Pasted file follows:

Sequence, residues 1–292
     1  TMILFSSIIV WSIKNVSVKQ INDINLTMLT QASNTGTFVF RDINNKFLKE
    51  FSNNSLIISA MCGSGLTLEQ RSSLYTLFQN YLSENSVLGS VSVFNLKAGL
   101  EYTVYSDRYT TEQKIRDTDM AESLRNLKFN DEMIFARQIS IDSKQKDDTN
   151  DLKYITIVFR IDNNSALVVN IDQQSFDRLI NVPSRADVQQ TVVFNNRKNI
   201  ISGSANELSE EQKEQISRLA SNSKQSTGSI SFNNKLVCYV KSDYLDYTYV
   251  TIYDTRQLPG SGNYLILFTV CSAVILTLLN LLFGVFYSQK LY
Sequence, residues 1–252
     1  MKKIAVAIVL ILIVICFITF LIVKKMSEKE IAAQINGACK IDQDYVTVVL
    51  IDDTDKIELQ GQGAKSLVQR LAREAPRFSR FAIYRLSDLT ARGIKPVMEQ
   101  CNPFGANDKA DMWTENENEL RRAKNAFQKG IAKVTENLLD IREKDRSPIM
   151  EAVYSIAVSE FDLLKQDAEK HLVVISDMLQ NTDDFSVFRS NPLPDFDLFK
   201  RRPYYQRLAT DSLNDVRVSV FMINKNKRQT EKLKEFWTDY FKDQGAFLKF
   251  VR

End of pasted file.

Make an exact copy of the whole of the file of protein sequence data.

Sequence, residues 1–292
     1  TMILFSSIIV WSIKNVSVKQ INDINLTMLT QASNTGTFVF RDINNKFLKE
    51  FSNNSLIISA MCGSGLTLEQ RSSLYTLFQN YLSENSVLGS VSVFNLKAGL
   101  EYTVYSDRYT TEQKIRDTDM AESLRNLKFN DEMIFARQIS IDSKQKDDTN
   151  DLKYITIVFR IDNNSALVVN IDQQSFDRLI NVPSRADVQQ TVVFNNRKNI
   201  ISGSANELSE EQKEQISRLA SNSKQSTGSI SFNNKLVCYV KSDYLDYTYV
   251  TIYDTRQLPG SGNYLILFTV CSAVILTLLN LLFGVFYSQK LY
Sequence, residues 1–252
     1  MKKIAVAIVL ILIVICFITF LIVKKMSEKE IAAQINGACK IDQDYVTVVL
    51  IDDTDKIELQ GQGAKSLVQR LAREAPRFSR FAIYRLSDLT ARGIKPVMEQ
   101  CNPFGANDKA DMWTENENEL RRAKNAFQKG IAKVTENLLD IREKDRSPIM
   151  EAVYSIAVSE FDLLKQDAEK HLVVISDMLQ NTDDFSVFRS NPLPDFDLFK
   201  RRPYYQRLAT DSLNDVRVSV FMINKNKRQT EKLKEFWTDY FKDQGAFLKF
   251  VR